“The only thing I asked them was to look into the lens of the camera,” she recalled. “When you look at them now, all of those people, they’re looking straight at you.”
The type of photography she did, with a view camera, was onerous and antiquated even then. “It was really slow photography,” Benedict-Jones said, but she didn’t want to lose a single detail.
“High school students pay a lot of attention to the way they look when they go to school,” Benedict-Jones said. “They might pay attention to wanting to look like they don’t pay attention, but they pay attention to that, too.”
After graduating from MIT with a master’s degree in visual studies in 1982, Benedict-Jones got a job at Polaroid and became a curator at the Carnegie Museum of Art in Pittsburgh before retiring in 2015. For nearly 40 years, the portraits she made sat in an archival storage box in her home office closet.
A few years ago, while going through some of her old work, “I said, ‘OK, now it’s time for me to go back to those boxes, open them up, and see what there is,’” she recalled.
Soon after, she reached out to Harvard Art Museums — just blocks away from Rindge and Latin — to inquire about the portraits being put on display.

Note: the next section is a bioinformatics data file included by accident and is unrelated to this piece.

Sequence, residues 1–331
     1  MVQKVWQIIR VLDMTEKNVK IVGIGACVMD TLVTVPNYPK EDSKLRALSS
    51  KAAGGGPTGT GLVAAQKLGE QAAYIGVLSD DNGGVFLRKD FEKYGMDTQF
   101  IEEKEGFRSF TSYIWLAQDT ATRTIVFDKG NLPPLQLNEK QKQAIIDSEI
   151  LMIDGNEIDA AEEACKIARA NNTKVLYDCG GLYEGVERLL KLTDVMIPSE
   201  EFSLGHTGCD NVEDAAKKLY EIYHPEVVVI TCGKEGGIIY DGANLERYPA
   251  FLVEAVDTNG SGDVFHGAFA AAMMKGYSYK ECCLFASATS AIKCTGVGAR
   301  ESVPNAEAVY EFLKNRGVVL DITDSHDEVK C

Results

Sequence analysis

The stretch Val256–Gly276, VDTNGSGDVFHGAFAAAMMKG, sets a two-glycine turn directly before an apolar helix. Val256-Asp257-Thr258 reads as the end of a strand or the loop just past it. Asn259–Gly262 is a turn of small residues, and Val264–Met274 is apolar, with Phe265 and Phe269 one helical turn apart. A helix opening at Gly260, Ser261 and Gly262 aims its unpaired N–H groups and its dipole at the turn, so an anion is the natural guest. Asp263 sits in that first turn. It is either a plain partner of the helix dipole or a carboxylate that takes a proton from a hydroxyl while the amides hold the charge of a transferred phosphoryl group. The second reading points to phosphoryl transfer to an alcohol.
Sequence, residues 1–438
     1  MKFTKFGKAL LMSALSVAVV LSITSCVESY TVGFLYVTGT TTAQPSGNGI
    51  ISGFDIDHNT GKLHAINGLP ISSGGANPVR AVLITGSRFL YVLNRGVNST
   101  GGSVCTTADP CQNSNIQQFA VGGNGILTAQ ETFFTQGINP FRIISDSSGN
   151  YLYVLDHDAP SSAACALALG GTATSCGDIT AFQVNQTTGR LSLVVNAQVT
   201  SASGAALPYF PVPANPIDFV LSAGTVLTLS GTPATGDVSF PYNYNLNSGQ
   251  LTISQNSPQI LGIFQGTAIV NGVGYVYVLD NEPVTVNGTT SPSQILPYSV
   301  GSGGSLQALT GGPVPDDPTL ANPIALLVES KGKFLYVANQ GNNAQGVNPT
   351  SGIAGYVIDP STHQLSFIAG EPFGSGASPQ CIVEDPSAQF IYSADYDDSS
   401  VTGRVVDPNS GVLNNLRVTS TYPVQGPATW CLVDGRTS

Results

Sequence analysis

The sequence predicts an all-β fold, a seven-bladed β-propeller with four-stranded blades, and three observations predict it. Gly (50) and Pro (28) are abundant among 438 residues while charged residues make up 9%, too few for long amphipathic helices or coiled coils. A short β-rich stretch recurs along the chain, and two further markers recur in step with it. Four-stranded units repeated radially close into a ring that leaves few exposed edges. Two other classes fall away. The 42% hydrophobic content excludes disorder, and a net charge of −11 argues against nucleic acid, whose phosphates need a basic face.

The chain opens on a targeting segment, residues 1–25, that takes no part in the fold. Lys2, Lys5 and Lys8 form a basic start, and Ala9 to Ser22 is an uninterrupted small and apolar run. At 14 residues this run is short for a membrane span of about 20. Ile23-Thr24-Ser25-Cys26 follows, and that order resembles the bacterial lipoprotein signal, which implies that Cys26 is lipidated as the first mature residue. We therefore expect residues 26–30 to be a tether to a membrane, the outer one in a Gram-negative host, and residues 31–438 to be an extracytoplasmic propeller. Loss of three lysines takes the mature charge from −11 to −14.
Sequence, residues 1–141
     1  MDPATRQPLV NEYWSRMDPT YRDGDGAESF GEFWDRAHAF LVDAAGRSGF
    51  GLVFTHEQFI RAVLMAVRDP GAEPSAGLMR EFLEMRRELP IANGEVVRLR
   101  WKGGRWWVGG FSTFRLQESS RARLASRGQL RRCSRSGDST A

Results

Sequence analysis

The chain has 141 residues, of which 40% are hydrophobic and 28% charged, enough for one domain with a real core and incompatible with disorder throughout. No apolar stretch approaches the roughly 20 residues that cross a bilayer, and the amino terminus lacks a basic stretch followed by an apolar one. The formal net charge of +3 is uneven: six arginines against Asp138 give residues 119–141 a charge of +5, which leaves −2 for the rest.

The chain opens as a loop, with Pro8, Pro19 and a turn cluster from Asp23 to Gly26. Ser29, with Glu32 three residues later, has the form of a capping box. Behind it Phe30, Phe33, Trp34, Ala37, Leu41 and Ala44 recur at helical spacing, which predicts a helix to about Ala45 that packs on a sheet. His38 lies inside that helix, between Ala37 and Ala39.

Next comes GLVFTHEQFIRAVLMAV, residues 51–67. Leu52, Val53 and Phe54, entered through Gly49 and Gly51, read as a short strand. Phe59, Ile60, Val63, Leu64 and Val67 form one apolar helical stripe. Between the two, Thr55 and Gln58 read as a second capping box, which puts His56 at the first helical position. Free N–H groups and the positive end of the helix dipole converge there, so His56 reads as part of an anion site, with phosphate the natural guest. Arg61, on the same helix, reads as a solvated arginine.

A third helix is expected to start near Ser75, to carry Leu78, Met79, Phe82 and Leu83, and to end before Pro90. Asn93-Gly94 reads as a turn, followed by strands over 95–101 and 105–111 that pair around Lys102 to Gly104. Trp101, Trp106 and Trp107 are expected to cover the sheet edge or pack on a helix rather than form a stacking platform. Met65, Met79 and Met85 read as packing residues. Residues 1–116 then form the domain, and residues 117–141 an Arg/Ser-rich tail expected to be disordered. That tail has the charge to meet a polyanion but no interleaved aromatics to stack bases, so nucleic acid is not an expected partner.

“I was immediately interested because we don’t really have anything like that,” said Makeda Best, curator of photography at Harvard Art Museums, which acquired the full set of portraits in 2019. “We do a lot of partnerships with the school, so it seemed the perfect opportunity to actually have something that represented this school on our walls and in our collection.”
The photos, which depict a diverse group of students, were taken just years after the 1977 merge of the Rindge Technical School and the Cambridge Latin high school, coinciding with a “new moment in Cambridge,” Best said.
“I like for my work to be in dialogue with this community, as well as with the broader photography world,” said Best. “I want this community to see themselves on the wall of the Harvard Art Museums.”
On a micro level, Best said, she was compelled by the unvarnished intimacy of the photos.